Dundee in UK Dundee Satellite Receiving Station is based in Dundee University, Scotland, at latitude 56.5 degrees North, longitude 3 degrees West (see in Google Earth).

The station is funded by a government organisation called NERC (Natural Environment Research Council), and is part of the Space Technology Centre alongside the Space Systems Research Group. Research is performed as part of the Centre for Remote Sensing and Environmental Monitoring.

Antenna Dundee University is situated near the banks of the River Tay estuary.
Click on the small photograph for a full-size version.

Four antennae The Satellite Station has a number of antennas on the roof of the EEP building plus two on the roof of the Dental Hospital tower building and two on the roof of the University's tower building. The tower buildings are fine locations providing unobstructed views.
Click on the small photograph for a full-size version.

The station itself is spread over two floors, the lower one containing all the reception and processing hardware, plus the tape and CD archive. The upper floor contains the photographic quicklook archive, maintenance laboratory and software development team. Administration and research offices are to be found on both floors.

For directions to the laboratory please see the University's travel pages. Visitors are welcome if arranged in advance.


Photographs of the Satellite Receiving Station

Click on a photo for a full size version.
Control centre Lab From left to right can be seen two tape recorder control PCs, four antenna control PCs with receivers above and tape recorders below, a MODIS ingest PC with antenna monitors above and UPS below, and on the far right under the desk is the MODIS file server.
Archives Tape archive Part of the tape archive, recording every satellite pass received in Dundee since 1978. Quicklook archive Part of the photographic quicklook archive, going from 1978 to the present.

Antennae and Receiving Equipment

All antennae and receiving equipment has been custom built by the satellite station. Gearboxes and reflectors are standard items; other heavy mechanical parts are manufactured to our specifications by a local firm and then assembled on site. The front-ends are usually standard items although have been custom built in the past. The rest, including all electronics and software is designed and built here. Besides lower cost, the benefits include redundancy and easier, cheaper and faster maintenance.

Operational antennae include:


Computers

The satellite receiving station primarily uses Sun SPARC workstations running the Solaris operating system.

The RAID array is a new addition; it consists of a custom-built PC running Linux with IDE disks on RAID controllers exporting disk space as a network file system. Much cheaper than commercial alternatives.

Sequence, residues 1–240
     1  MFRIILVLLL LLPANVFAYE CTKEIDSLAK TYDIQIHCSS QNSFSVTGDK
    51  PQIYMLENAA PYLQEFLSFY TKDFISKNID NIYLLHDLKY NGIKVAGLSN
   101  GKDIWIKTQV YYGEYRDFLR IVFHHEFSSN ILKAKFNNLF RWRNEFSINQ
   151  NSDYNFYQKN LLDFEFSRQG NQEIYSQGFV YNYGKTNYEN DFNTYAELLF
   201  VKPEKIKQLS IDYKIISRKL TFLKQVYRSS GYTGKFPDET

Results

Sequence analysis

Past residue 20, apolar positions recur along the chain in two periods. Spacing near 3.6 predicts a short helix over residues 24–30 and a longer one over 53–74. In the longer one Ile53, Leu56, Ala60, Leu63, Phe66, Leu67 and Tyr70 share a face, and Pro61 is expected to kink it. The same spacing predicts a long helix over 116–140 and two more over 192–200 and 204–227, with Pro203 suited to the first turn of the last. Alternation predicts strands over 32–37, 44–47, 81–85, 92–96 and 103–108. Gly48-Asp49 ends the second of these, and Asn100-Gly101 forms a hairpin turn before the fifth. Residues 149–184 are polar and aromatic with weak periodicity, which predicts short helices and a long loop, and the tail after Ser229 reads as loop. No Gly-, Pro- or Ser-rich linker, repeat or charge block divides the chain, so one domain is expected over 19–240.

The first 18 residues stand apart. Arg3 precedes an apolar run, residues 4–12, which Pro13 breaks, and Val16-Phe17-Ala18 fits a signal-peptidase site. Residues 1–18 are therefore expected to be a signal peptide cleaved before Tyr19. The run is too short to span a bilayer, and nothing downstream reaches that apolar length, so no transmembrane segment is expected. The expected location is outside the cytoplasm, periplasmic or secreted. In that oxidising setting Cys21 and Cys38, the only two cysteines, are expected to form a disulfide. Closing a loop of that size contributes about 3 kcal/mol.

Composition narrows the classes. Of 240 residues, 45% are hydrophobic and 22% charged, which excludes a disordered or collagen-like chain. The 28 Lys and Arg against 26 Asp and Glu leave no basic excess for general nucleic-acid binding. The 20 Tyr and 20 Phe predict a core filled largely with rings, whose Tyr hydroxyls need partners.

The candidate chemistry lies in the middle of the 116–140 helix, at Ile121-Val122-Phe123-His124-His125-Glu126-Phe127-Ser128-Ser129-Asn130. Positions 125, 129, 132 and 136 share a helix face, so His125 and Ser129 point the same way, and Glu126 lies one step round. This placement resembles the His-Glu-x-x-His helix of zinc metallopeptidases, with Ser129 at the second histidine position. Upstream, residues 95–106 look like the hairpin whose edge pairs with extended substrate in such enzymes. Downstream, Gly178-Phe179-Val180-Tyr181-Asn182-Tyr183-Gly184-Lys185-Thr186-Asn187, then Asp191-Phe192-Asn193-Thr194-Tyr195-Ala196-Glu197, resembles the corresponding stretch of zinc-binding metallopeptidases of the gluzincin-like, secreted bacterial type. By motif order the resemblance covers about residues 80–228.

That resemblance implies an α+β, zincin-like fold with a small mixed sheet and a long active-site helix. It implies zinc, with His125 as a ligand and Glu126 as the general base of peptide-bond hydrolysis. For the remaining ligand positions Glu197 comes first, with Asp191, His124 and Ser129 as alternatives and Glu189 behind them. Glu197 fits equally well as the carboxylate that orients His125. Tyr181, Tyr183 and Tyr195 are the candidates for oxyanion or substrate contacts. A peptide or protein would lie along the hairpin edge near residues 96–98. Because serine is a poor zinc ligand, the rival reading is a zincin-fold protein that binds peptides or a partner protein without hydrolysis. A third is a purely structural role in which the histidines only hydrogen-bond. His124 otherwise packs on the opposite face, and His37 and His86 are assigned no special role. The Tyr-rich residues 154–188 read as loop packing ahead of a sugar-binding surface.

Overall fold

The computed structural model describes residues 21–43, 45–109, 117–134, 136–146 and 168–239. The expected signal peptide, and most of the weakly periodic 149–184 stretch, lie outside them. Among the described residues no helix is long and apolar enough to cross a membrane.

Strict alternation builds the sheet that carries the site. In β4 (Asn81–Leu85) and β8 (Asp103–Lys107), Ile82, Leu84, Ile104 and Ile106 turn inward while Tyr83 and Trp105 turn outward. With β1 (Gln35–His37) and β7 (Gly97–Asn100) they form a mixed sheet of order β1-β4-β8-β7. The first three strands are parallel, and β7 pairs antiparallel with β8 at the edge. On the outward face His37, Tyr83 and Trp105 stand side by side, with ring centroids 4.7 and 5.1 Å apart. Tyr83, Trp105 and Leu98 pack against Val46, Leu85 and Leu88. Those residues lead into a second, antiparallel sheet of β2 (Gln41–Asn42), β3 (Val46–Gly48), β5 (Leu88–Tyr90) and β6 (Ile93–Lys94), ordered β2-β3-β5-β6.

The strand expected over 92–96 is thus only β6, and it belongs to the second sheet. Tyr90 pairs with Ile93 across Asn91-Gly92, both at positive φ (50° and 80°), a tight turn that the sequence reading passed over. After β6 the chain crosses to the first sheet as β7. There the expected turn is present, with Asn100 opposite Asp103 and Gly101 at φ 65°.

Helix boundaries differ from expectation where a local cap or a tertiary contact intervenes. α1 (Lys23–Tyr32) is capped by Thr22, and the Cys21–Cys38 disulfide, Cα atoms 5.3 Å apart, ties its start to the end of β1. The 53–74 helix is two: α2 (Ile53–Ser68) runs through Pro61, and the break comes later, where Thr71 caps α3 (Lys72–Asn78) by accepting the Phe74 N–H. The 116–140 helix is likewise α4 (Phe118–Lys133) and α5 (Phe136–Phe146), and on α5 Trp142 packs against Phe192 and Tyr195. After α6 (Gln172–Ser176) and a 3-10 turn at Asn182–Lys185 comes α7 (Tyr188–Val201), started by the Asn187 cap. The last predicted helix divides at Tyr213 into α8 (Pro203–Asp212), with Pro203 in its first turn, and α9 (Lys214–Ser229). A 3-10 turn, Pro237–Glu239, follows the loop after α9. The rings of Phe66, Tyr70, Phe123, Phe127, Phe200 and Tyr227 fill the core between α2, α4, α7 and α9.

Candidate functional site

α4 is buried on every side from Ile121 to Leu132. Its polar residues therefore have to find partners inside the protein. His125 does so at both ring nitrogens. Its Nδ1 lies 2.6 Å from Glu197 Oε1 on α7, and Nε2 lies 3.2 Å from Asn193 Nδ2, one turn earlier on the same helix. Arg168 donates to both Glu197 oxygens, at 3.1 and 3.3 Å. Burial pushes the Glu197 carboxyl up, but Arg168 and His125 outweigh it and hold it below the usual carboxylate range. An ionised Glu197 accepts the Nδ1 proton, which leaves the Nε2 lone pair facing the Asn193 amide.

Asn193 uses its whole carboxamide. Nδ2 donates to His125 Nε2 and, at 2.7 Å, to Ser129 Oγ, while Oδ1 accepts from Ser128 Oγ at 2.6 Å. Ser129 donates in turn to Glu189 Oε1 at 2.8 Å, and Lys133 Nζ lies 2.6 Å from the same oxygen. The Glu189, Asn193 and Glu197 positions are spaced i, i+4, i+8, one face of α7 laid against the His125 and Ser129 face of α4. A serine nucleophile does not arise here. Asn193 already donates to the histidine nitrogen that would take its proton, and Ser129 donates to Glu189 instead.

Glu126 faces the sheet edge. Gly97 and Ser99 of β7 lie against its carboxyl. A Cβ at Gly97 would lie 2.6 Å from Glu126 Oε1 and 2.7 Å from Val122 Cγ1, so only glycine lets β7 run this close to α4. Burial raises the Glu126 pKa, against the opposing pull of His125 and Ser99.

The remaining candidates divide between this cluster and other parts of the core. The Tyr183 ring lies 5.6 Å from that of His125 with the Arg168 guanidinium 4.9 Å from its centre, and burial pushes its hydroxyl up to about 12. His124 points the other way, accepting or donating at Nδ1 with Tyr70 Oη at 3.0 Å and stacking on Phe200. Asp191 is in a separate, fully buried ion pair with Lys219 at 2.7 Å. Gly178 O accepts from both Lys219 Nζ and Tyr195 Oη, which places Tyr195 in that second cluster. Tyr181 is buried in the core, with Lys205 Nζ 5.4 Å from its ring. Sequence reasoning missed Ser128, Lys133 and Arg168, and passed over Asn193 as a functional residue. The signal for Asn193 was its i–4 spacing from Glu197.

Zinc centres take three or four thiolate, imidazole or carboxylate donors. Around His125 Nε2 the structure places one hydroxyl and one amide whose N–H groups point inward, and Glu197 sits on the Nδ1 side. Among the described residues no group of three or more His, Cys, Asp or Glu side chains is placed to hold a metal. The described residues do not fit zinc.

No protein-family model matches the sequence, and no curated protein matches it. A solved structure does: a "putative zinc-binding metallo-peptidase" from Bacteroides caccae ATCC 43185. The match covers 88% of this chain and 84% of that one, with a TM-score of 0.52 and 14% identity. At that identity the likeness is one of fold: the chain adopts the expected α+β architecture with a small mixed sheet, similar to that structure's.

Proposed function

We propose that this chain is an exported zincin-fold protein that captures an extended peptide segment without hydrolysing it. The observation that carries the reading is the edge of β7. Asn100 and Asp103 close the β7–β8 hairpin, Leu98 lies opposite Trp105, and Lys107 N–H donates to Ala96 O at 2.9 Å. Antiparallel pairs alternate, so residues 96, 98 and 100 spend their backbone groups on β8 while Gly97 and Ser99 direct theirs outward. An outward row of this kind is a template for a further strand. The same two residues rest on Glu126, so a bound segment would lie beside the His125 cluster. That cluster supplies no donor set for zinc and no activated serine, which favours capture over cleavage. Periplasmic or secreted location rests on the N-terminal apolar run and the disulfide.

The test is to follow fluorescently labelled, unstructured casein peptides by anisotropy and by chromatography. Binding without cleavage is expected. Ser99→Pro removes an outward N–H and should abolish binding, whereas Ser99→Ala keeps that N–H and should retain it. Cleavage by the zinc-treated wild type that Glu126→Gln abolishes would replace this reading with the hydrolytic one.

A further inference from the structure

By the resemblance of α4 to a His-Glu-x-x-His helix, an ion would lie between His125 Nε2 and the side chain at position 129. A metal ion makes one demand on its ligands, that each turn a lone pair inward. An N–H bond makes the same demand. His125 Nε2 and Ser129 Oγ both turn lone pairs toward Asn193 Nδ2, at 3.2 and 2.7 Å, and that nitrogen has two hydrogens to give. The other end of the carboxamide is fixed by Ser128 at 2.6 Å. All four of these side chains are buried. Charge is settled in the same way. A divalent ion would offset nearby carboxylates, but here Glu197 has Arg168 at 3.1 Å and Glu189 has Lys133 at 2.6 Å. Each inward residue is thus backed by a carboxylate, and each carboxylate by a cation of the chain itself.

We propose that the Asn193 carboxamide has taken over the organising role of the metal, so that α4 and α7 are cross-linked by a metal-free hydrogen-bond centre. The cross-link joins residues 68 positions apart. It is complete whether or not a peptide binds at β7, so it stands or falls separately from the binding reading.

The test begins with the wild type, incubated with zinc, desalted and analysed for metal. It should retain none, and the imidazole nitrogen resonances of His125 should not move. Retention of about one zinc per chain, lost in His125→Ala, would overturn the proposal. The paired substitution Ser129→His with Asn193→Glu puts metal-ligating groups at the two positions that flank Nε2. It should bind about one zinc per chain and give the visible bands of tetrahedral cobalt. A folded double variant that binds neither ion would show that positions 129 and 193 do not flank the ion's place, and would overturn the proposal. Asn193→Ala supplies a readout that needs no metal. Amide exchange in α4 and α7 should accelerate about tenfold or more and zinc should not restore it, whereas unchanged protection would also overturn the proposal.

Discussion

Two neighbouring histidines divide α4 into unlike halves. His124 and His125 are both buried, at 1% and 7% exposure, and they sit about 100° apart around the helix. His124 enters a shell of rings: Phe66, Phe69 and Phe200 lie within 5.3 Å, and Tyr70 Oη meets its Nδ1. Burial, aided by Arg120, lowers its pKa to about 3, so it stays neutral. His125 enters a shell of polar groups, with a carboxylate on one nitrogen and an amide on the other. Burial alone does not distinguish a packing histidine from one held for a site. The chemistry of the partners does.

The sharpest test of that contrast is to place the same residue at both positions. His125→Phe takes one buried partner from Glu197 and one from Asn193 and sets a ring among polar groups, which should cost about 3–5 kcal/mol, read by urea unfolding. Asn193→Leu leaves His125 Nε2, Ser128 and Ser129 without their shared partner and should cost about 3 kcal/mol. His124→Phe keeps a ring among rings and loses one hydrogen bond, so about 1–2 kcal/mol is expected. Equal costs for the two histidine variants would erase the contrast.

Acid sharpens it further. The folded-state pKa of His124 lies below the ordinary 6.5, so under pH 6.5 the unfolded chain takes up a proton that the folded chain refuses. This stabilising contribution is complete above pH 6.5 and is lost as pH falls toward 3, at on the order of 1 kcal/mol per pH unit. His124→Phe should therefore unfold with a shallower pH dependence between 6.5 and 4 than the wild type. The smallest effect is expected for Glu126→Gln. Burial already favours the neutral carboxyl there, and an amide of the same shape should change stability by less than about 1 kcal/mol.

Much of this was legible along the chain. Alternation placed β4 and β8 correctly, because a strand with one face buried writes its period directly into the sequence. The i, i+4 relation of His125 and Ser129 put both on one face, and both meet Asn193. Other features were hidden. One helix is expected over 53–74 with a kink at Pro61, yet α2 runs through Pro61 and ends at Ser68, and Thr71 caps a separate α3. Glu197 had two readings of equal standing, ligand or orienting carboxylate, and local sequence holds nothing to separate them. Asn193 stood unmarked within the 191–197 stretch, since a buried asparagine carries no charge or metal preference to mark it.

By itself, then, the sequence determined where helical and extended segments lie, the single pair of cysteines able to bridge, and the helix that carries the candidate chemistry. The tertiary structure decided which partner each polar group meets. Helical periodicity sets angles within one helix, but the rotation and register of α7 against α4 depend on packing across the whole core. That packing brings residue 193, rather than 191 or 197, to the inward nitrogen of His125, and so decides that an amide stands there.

Sun 450

Storage:

Use Size (GB)
AVHRR data 24
SeaWiFS data 63
MODIS data 489
Meteosat data 40
Quicklooks 102
RAID arrays 12000
Total 12 TeraBytes

Apache

Our web server is powered by Apache with PHP and Perl.


Reception of a satellite pass

The cast:

  1. Lionel, the tracking computer
  2. Bertha, the tape recorder control computer
  3. Gavin, the reception computer
  4. Mabel, the file server computer
  5. Nigel, the tape recorder
  6. Andrew, the antenna
  7. Patricia, the photo-facsimile machine
  8. Nancy, the high-resolution laser printer
  9. Bert, the GPS receiver

Act One: Preparation

  1. The satellite's approximate position is calculated from orbital elements and a mathematical orbital model.
  2. The tracking computers have their clock set precisely from a GPS receiver.
  3. The tracking computers align the antennas to point to the location at which the satellite will appear over the horizon.
  4. The reception computer calculates parameters based on the predicted orbit and prepares for reception by plotting grid overlays etc.

Act Two: Reception

  1. When the satellite comes into view the tape recorder computers start the tape recorders and the reception computer starts receiving data.
  2. As the satellite progresses the tracking computers lock onto the position of the satellite and keep the antenna pointing in the correct direction.
  3. The signal is received and decoded then ingested into the reception computer.
  4. The data is displayed in real-time and transferred to the satellite station's file server computer. The image is scaled down to generate quicklooks.
  5. Reception is terminated when the satellite disappears over the horizon, rather than when the signal is lost. This ensures that, should an object such as a tall tree momentarily block the view, the computers keep tracking the satellite ready for when it reappears.

Act Three: Post-processing

  1. The tracking computer updates the orbital model now that the exact position of the satellite is known, making prediction of the next pass more accurate. The information is also used to plot coastlines as accurately as possible.
  2. The quicklooks are put in the archive and the pass database is updated.
  3. Customers' jobs are automatically processed with the new data.
  4. Hard-copy quicklooks are printed and photographs or processed enlargements are produced for customers.


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